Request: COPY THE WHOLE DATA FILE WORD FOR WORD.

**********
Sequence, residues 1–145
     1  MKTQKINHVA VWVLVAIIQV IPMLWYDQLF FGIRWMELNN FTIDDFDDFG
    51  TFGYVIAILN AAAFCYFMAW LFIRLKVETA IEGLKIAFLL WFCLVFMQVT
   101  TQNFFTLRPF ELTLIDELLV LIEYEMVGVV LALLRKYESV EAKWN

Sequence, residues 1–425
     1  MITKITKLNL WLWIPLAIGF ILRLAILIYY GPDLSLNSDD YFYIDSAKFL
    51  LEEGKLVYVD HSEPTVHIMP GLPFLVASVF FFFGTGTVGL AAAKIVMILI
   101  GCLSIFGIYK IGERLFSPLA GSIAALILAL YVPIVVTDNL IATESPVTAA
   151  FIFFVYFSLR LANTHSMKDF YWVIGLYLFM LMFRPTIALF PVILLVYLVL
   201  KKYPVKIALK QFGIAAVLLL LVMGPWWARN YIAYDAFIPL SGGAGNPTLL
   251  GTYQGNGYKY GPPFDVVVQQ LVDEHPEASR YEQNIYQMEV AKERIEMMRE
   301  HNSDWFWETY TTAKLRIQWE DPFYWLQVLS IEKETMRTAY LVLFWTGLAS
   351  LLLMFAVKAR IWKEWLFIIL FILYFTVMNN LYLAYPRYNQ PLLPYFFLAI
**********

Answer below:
Sequence, residues 1–145
     1  MKTQKINHVA VWVLVAIIQV IPMLWYDQLF FGIRWMELNN FTIDDFDDFG
    51  TFGYVIAILN AAAFCYFMAW LFIRLKVETA IEGLKIAFLL WFCLVFMQVT
   101  TQNFFTLRPF ELTLIDELLV LIEYEMVGVV LALLRKYESV EAKWN

Sequence, residues 1–425
     1  MITKITKLNL WLWIPLAIGF ILRLAILIYY GPDLSLNSDD YFYIDSAKFL
    51  LEEGKLVYVD HSEPTVHIMP GLPFLVASVF FFFGTGTVGL AAAKIVMILI
   101  GCLSIFGIYK IGERLFSPLA GSIAALILAL YVPIVVTDNL IATESPVTAA
   151  FIFFVYFSLR LANTHSMKDF YWVIGLYLFM LMFRPTIALF PVILLVYLVL
   201  KKYPVKIALK QFGIAAVLLL LVMGPWWARN YIAYDAFIPL SGGAGNPTLL
   251  GTYQGNGYKY GPPFDVVVQQ LVDEHPEASR YEQNIYQMEV AKERIEMMRE
   301  HNSDWFWETY TTAKLRIQWE DPFYWLQVLS IEKETMRTAY LVLFWTGLAS
   351  LLLMFAVKAR IWKEWLFIIL FILYFTVMNN LYLAYPRYNQ PLLPYFFLAI